It is every Christian’s God-given duty to pray for the propagation of His Word. In this regard, Christians are also instructed to pray for those who preach the Word. Paul urged his first readers in 2 Thessalonians 3:1, “Finally, brethren, pray for us, that the word of the Lord may have free course, and be glorified, even as it is with you.” To the Colossians, Paul wrote, “Withal praying also for us, that God would open unto us a door of utterance, to speak the mystery of Christ, for which I am also in bonds” (Colossians 4:3).
A constant study of the Bible is essential for the nurture of our prayer life (Luke 11:1-13; Jude 20), and a consistent prayer life is essential for the right understanding of and obedient response to the Bible (Psalms 25:4-5; 86:11; 119:12, 26, 33-35, 64, 66, 68, 124, 135, 169; 143:10; Colossians 1:9-10). A biblical prayer life is most necessary for a closer walk with God.
On 20th January 2013, I wrote at the end of my pastoral exhortation in the church bulletin: “Our need for more space is acute. So we must pray for God’s provision to acquire a larger space for our increasing ministries. I call on the church to pray for and work towards a Building Fund of 5 million dollars by 2015. ‘The Lord is my Shepherd, I shall not want’ (Psalm 23:1).”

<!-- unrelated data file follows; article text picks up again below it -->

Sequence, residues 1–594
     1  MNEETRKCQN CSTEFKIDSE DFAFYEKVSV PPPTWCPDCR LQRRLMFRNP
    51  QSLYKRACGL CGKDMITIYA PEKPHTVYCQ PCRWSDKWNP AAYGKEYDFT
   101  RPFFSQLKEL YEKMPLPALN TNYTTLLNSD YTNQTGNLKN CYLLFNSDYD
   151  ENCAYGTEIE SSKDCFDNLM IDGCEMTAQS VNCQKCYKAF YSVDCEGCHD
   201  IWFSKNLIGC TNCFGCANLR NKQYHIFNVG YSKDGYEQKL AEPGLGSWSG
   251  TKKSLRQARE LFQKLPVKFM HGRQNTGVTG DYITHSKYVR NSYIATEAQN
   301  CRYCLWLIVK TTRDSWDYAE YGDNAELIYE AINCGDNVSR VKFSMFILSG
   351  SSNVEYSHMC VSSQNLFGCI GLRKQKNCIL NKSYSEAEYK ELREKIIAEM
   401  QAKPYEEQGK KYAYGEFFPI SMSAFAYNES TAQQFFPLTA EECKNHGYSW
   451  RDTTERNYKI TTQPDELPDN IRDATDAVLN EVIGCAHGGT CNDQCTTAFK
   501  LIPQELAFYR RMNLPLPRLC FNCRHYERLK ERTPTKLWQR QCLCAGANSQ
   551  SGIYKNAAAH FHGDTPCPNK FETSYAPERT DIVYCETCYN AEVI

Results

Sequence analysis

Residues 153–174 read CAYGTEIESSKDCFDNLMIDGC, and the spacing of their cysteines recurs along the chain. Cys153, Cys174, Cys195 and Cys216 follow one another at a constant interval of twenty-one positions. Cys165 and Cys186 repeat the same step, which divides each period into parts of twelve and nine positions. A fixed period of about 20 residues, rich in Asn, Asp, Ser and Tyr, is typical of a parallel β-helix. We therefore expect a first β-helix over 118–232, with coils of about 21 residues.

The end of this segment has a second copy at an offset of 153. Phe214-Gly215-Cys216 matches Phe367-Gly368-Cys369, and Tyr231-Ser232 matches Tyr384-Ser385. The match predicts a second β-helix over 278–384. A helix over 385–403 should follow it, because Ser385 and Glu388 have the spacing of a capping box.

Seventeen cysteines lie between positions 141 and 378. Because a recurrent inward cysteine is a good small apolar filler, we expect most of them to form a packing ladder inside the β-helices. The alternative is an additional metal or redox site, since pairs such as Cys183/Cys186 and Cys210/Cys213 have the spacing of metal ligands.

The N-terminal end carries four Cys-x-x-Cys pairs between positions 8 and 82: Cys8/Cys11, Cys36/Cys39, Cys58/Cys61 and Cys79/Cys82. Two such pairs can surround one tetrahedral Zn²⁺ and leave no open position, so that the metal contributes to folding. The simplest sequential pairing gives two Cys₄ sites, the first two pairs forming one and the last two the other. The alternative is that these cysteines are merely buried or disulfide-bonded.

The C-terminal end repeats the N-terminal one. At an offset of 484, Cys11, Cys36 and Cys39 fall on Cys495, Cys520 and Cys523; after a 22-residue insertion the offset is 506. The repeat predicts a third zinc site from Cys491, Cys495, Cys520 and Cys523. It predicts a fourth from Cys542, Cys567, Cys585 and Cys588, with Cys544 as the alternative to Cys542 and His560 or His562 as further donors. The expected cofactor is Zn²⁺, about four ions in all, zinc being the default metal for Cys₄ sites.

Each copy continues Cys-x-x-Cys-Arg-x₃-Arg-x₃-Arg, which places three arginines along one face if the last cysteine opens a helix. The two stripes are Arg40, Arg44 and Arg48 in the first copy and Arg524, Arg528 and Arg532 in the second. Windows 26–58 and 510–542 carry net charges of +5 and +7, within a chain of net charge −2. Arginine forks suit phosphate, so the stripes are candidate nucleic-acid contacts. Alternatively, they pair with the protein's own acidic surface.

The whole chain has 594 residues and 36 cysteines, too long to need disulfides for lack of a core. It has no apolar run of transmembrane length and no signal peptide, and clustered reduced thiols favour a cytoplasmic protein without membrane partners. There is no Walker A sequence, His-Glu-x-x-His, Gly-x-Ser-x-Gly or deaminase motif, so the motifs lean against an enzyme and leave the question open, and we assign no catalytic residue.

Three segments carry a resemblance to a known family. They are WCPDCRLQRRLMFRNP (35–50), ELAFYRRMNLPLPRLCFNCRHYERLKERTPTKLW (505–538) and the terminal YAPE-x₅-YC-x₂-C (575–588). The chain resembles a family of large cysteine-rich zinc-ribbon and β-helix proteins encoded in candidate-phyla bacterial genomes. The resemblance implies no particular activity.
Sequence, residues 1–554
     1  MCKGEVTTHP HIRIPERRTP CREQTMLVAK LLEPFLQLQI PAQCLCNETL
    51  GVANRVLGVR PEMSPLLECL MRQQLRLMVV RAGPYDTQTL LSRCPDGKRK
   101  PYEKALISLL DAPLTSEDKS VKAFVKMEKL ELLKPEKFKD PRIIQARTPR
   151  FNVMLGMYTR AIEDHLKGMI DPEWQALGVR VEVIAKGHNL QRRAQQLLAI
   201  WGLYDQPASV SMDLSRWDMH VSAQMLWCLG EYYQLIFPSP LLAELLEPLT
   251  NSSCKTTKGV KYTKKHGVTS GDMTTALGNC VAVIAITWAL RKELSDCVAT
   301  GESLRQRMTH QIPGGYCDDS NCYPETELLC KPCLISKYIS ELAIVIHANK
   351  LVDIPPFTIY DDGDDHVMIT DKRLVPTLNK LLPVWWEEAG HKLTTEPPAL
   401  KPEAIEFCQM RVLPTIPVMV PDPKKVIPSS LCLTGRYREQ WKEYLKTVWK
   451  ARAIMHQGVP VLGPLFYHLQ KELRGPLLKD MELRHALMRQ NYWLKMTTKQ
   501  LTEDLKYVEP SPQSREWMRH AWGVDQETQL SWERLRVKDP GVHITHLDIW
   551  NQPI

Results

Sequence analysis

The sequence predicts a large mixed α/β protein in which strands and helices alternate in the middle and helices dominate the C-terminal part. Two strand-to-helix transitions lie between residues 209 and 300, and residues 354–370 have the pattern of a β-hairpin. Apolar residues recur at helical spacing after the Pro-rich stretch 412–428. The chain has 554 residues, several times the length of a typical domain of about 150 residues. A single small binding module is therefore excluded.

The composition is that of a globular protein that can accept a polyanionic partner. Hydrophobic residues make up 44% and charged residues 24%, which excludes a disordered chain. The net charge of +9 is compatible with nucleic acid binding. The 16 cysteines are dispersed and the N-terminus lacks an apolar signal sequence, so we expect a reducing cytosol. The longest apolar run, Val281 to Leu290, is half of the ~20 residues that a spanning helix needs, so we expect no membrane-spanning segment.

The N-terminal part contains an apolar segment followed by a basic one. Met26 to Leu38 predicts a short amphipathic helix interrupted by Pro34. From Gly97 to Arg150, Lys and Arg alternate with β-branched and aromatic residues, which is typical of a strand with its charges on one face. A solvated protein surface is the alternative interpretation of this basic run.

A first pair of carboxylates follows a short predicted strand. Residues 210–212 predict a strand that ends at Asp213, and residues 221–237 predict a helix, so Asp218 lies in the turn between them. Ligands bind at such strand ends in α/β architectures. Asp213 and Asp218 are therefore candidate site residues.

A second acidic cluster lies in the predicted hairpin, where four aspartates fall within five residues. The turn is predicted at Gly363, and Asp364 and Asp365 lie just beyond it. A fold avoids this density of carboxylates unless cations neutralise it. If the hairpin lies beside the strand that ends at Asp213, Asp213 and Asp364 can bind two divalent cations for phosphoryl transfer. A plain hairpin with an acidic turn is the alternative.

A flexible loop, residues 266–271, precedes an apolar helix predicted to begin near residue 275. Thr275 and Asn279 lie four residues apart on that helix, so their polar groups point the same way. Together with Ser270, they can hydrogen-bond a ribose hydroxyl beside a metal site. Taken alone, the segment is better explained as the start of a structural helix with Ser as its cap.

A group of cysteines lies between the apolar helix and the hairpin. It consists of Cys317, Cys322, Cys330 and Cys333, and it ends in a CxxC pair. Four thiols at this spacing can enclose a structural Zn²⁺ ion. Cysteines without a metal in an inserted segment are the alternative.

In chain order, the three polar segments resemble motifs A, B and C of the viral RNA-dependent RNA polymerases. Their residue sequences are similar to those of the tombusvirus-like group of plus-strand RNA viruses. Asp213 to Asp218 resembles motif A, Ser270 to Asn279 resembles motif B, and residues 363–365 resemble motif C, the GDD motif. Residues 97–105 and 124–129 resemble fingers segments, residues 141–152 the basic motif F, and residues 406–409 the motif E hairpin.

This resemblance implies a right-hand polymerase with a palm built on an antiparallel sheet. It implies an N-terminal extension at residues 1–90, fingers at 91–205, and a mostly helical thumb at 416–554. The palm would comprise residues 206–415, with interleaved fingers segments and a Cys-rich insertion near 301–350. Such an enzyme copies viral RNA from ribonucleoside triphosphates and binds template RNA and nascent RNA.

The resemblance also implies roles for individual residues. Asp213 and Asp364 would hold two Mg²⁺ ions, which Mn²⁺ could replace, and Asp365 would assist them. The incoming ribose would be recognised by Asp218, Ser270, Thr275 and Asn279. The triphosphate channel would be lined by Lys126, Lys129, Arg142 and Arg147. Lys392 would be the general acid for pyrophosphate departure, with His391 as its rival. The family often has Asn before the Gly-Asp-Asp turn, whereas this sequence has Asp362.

Though all of us have become aware of our need for a more spacious Church Resource Centre and consequently the Building Fund, our giving has been simultaneously directed to several other urgent fundraising to which we have already been committed, such as Missionary Conference Fund (S$45,993.15), Ethiopian Van Fund (S$101,122.90), Ethiopian Borewell Fund (S$22,300), The Philippines Relief Fund – Typhoon Haiyan (S$59,429.43), etc. Nonetheless, by the grace of God, through the generous giving of our people, the Church Building Fund has been slowly but steadily growing.
The present Church Building Fund of S$353, 837.50 is only about 7 percent of the target sum. In about 16 months, we must pray that the LORD will multiply this sum a hundredfold. The LORD, who has helped us hitherto in exceedingly abundant and wondrous ways, shall be our Help.